Dessa “The Crow”

Eight years ago I had read a couple of reviews of Dessa’s Badly Broken Code. It probably would have ended there because despite the fact that they were positive, it didn’t sound like it would be for me. However, Elephate’s Digital Content Director and my soon-to-be best man, Christian A. Dumais, sent me an email asking if I had heard of Dessa. He was crazy about the record and wanted to pass it along. So I listened and was immediately taken in.

Most years I make a mixed CD of cool tunes from the year, and give it away to friends and family. “The Crow” was the cut that I included on 2010’s version. And it’s a song that will stick itself in my head. If that CD gets put into the car stereo, there is a 100% chance that song will get multiple plays. Thanks, Chris.

The Time “Jungle Love”

A huge pop song from a few years ago bit off a large chunk of The Time’s signature sound. No shade thrown to that song, because it was catchy as hell, but also because it lead me down the YouTube rabbit hole with The Time and other groups from that time and place.

While they would probably always be in Prince’s shadow, listening to their songs from that era made me wonder why they weren’t more popular for longer. Morris Day had personality for miles and they could fill a dance floor. We can always wonder what could have been, but we definitely enjoy what was.

The Replacements “Bastards of Young”

It doesn’t happen nearly as much as I would like, but getting “walk on” music before doing stand-up is thrilling. Something about that lift that music can give you and the crowd, along with the theatricality of it all is hard to beat. Finding that right 15 seconds or so of a song that fits your persona, and that the audience will react to is a labor of love.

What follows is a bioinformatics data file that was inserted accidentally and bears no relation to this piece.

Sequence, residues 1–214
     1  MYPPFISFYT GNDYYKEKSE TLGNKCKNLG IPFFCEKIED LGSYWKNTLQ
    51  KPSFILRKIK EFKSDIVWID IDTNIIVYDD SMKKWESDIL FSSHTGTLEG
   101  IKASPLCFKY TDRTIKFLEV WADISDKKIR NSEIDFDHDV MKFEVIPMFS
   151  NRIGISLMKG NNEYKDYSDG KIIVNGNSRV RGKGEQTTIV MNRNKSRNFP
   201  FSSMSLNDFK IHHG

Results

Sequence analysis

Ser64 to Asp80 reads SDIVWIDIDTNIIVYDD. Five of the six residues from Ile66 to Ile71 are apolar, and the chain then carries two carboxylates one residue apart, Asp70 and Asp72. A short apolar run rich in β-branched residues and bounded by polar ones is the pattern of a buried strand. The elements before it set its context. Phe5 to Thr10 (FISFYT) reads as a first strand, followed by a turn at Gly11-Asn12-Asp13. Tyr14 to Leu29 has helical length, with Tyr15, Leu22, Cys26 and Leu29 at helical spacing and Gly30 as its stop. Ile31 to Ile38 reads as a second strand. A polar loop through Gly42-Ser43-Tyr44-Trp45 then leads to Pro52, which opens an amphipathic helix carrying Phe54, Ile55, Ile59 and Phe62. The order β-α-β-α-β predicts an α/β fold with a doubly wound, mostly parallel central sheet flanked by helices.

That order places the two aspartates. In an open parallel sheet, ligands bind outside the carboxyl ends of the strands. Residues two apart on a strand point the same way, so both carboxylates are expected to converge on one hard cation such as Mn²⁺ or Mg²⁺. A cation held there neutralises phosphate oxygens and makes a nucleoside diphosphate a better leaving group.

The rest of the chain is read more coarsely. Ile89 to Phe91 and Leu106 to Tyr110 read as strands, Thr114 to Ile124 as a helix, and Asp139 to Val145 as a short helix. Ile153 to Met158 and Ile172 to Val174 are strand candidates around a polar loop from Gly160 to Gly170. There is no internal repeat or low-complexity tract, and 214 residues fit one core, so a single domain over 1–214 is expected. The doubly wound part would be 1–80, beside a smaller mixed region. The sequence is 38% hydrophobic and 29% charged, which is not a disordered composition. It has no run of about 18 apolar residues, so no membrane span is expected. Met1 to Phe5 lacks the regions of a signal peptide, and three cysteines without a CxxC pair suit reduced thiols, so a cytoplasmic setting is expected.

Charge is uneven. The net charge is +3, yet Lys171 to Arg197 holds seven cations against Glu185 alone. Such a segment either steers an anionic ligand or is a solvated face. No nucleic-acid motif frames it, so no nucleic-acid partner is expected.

I am not a huge fan of The Replacements. I knew them by reputation, and they are one of those bands that I wish I would have found at the right time. I appreciate them, and enjoy their music, but I never got into them. Except for this song. I was looking for walk on music for a show I was doing. I perform with people who are legit young enough to be my kids, hence the name The Bastard Sons of Derrek Carriveau. We didn’t get to use this one, but I spent a lot of time playing it over and over.

The Shout “I Should be with You”

During our podcast, it was obvious that Marty Weintraub is a guy who lives life turned up to 11. We had a lot of fun, and a lot of laughs. He had invited me to like him on Facebook, and I took him up on that. The best thing that has come from that so far was him sharing a video that his band, The Shout, had made in 1986.

Icy cool and twice as catchy, give a listen to one of Marty’s past lives. 

Then get onto the podcast and hear about what he is up to now.

Elephate in the Room is a weekly podcast featuring the best and smartest from SEO, marketing, and tech from an outsider’s perspective. Hosted by me, Derrek Carriveau, it can be found on our website, along with iTunesStitcherRSS and more.

Published
  • 16 August 2018
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Derrek Carriveau